Easy encryption using bitwise “exclusive-OR” (XOR)

Disclaimer:
This basic guide is aimed at people who have at least a basic understanding of scripting or programming (JS, PHP, C(#/++), Java, Python, ….). If you’re not familiar with it this will probably be Chinese for you and you might wanna skip this.

Bitwise exclusive-OR aka XOR:
XOR is a bit like normal OR. OR compares 2 or more values and evaluates to true if one or more of those values evaluate to true. XOR on the other hand only evaluates to true if only one of those values evaluate to true.

Example:
Code:
if (0 OR 0) // false
if (0 OR 1) // true
if (1 OR 1) // true

if (0 XOR 0) // false
if (0 XOR 1) // true
if (1 XOR 1) // false

Pretty simple and straight forward. The bitwise version of this does the same but on a per bit level. So, a bitwise XOR operation on 2 bytes will compare the bits (1’s and 0’s) in those bytes. Where both bits are 0 or 1 the result will be 0, where only one bit is 1 the result will be 1.

Example, a bitwise XOR operation on 2 bytes:
Code:
11010001 (Decimal 209) <- source value
10101010 (Decimal 170) <- "key" value
XOR ----------------------
01111011 (Decimal 123) <- the result

This is handy for encryption because the same calculation or algorithm can be used to get the original value back (decryption):
Code:
01111011 (Decimal 123) <-- previous result value 10101010 (Decimal 170) <- same key value XOR ---------------------- 11010001 (Decimal 209) <- got the source value back

As you can see the idea is very simple and can be used to create basic means of encryption in 5 minutes. It isn't exactly strong encryption but unless some evil person knows how the data was encrypted he'd have a very hard time making sense of it. It could be encrypted with a heavy duty 256 bits strong algorithm for all he knows.

Not only is it simple and potentially fairly effective, it should also be fast. Very. Mainly because the Intel x86 instruction set includes a XOR CPU instruction.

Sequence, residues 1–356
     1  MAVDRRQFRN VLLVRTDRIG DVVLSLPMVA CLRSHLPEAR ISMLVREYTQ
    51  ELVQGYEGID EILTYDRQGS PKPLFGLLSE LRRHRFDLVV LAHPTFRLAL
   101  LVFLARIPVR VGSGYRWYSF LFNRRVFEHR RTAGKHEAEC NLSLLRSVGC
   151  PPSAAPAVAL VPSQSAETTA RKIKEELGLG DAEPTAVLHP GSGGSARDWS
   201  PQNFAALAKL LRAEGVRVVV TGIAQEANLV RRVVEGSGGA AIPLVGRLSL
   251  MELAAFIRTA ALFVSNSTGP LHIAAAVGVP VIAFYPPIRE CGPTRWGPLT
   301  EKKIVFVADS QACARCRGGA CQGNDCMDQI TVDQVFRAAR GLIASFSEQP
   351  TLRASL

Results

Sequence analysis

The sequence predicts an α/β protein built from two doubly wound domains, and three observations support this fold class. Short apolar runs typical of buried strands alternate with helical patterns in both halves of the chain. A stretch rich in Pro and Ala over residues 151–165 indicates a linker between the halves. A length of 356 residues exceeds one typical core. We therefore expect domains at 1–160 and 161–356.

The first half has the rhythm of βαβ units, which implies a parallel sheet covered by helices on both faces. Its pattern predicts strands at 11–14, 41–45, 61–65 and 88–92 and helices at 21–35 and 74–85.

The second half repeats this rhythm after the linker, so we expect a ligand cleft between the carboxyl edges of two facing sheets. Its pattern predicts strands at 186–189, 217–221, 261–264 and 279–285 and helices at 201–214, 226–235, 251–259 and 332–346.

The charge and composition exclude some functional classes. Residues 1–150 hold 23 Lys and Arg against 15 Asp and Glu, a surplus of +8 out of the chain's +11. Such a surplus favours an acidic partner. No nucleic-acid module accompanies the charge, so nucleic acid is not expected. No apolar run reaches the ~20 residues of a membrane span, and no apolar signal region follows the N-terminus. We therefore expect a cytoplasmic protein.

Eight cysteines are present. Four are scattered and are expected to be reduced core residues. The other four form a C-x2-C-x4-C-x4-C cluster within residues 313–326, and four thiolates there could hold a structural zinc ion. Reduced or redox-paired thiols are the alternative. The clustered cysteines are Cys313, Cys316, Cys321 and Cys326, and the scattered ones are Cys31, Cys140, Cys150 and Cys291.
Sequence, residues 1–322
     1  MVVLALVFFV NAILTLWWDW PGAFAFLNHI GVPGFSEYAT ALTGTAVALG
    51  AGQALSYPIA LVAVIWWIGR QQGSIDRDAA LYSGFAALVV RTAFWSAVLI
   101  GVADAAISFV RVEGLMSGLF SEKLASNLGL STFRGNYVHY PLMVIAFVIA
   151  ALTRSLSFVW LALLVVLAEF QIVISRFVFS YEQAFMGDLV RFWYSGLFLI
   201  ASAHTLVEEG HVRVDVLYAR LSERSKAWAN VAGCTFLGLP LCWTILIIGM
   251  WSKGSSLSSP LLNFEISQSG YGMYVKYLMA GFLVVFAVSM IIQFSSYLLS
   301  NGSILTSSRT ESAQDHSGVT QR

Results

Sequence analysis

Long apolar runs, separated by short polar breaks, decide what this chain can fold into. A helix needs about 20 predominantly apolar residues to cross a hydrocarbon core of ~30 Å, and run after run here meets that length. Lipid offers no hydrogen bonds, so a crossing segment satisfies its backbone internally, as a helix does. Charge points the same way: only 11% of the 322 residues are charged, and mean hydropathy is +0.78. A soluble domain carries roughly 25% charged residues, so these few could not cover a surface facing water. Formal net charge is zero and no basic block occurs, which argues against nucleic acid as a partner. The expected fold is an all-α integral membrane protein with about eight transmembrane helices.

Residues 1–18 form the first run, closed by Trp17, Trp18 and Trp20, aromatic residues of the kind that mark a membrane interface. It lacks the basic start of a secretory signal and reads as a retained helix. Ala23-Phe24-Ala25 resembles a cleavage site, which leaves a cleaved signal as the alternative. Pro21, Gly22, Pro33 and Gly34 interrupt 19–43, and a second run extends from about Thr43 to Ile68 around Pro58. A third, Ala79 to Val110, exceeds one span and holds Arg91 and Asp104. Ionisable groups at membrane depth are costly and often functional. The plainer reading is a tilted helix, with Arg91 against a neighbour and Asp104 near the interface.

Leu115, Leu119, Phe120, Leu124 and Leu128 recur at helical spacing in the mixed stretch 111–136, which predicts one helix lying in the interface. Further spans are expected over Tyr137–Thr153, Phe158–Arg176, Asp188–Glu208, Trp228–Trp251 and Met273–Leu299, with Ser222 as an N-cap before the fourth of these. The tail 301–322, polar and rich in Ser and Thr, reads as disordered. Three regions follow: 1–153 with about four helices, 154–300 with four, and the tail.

Code:
; x = x ^ y in 8086 assembly.

mov ah, 0xD1 ; set ah register to 209.
mov al, 0xAA ; set al register to 170.
xor ah, al ; set ah to the result of (ah XOR al).

; the ah register now has 0x7B as value.
; ah and al are the higher and lower 8 bits part of the 16 bits ax register.

You don't need to understand the above x86 stuff. Just know that a bitwise XOR operation is usually very fast .

Using it your scripts or programs:

In most C-based languages (including PHP) the bitwise XOR operator is the "^" sign.
Code:
$result = 209 ^ 170; // PHP
result = 209 ^ 170 // Python
byte result = 209 ^ 170; // C#
let result = 209 ^^^ 170 // F# (^^^ is not a typo here, lol)

So, let's write a function that encrypts a file. F#:

Code:
open System
open System.IO

// The function
let EncryptOrDecrypt file key =
file
|> File.ReadAllBytes
|> Array.Parallel.map (fun b -> b ^^^ key)
|> fun bytes -> File.WriteAllBytes(file, bytes)
bytes

// Enc/decryption key and file
let theKey = byte 170
let theFile = "some_file.txt"

// Do the magic
let result = EncryptOrDecrypt theFile theKey

As you can see it doesn't require a lot of code at all. Putting a text file trough that function will result in something like this:

Using the same key doing the same thing again will decrypt it.
Same function in C#:

Code:
public byte[] EncryptOrDecrypt(string file, byte key)
{
byte[] bytes = File.ReadAllBytes(file);
for (int i = 0; i < bytes.Length; i++) bytes[i] = bytes[i] ^ key;
File.WriteAllBytes(file, bytes);

return bytes;
}

The idea will be the same for PHP, Python etc. And it doesn't have to be done on a file. For example you could use it on data stored in a database. Perhaps use it as an extra security layer on md5 hashes. It can be used for a lot of stuff. And considering the small amount of code and the performance there is no reason not to use it in places where you store sensitive data. In the case of desktop programs it could be used to secure in-memory data (perhaps passwords) or data in SQLite files.

So..:
I hope this was somehow useful for you, though I doubt there are many people here that will understand this (we don't have that many coders here). I did write this thing myself instead of copy/pasting from another resource and I'm not that good at explaining stuff so I hope it was somewhat understandable .

Feel free to ask questions .

Update:
A bit of a more practical C# example can be found here. If you use it in your code be sure to enable the Allow Unsafe Code option in the projects Build settings.

Credits : Hyperz